Nits are laid at the junction of the scalp and hair shaft, and they hatch in 7 to 11 days. The average growth rate of human hair in children is 0.4 mm per day, so by the time the nit has hatched it has moved about 2 to 3 mm away from the scalp. Therefore, nits further than 1/4 inch from the scalp have probably hatched and are no longer viable. For this reason, the «no nit» policy in place at many schools does not have a biological basis, but most schools do not have personnel with expertise in distinguishing the viability of nits.

If head louse infestations are occurring at your child’s school, check your child’s head nightly using a metal lice comb and a good light source. The earlier an infestation is discovered, the easier it will be to treat. Avoid unnecessary treatments with head louse insecticides; use them only when lice or louse eggs have been found on a child’s head to minimize the child’s exposure to these materials. Also, the use of pesticide products can be harsh on a child’s hair and very drying to the scalp, which in turn can cause an increase in dried scalp flakes and dandruff that might be mistaken for nits. Remember, nits are glued to the hair shaft and are not easily removed; they are oval-shaped and glued at an angle to the side of the hair. If in doubt, use a good magnifying lens to verify a suspected nit or louse (and compare what you find to these photos because pesticide treatment is not appropriate for hair debris.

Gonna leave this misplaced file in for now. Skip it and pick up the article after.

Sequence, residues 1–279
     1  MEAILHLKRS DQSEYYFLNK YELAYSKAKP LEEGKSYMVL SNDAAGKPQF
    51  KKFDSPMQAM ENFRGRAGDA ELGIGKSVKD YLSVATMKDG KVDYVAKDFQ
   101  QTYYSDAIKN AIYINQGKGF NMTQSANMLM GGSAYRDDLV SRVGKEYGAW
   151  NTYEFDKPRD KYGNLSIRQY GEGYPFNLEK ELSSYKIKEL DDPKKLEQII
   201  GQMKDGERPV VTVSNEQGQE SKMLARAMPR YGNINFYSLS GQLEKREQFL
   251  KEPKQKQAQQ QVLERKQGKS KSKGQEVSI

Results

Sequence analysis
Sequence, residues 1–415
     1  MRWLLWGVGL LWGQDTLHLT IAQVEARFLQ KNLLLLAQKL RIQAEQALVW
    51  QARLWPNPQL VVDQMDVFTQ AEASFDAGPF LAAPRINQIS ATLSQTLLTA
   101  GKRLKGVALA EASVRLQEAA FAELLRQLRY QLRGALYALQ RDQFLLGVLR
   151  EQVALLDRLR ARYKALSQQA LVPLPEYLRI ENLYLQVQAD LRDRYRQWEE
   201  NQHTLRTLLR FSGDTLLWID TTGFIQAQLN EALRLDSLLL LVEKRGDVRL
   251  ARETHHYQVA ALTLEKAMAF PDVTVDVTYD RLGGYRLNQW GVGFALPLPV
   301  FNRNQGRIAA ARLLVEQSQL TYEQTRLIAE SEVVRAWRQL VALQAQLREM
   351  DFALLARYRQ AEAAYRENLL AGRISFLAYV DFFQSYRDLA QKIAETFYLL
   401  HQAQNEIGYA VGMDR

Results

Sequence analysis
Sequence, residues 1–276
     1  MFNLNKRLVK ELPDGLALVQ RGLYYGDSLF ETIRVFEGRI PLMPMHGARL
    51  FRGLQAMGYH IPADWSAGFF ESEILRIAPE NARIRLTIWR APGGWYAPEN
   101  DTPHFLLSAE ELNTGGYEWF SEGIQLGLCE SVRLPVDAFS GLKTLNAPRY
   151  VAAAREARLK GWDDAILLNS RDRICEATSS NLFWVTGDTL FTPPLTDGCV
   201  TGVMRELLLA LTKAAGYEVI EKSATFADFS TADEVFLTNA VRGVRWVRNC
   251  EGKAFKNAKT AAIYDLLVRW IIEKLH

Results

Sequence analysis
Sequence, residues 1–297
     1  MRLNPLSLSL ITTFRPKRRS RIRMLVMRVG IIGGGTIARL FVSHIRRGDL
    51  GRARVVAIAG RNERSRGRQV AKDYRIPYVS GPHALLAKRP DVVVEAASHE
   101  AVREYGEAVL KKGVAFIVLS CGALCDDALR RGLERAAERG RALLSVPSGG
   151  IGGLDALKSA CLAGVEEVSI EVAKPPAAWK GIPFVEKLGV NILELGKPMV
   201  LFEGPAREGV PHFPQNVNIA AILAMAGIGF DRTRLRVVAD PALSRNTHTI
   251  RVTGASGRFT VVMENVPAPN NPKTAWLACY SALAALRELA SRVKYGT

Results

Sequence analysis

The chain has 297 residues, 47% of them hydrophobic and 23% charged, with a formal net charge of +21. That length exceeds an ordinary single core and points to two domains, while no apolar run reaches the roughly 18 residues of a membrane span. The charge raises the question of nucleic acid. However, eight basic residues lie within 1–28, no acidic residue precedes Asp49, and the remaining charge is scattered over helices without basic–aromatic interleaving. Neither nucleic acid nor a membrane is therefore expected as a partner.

Ebeling, W. 1975. Urban Entomology. Oakland: Univ. Calif. Agric. Sci. pp. 455-459.

Hitchcock, J. C., R. M. Davis, and V. Kramer. March 1996. Head lice (Pediculus humanus capitis): A heady, nitpicky, and lousy problem. Calif. Morbidity. Berkeley: Div. Communicable Disease Control.

National Pediculosis Association, Inc., P.O. Box 610189, Newton, MA 02161. Phone: 617-449-NITS. Online: http://www.headlice.org
To order a nit comb call 1-888-542-3634.

Wilson, B. 1995. Ectoparasites. In Principles and Practice of Infectious Diseases, Mandell G. L., J. E. Bennett, and R. Dolin, eds. New York: Churchill Livingstone, pp. 2558-2560

Online Resources


Pest Notes: Head Lice
UC ANR Publication 7446

Authors: M. K. Rust, Entomology, UC Riverside; J. H. Klotz, Entomology, UC Riverside; N. C. Hinkle, Entomology, UC Riverside; and S. Klotz, Kansas City Veterans’ Affairs Medical Center, Kansas City, MO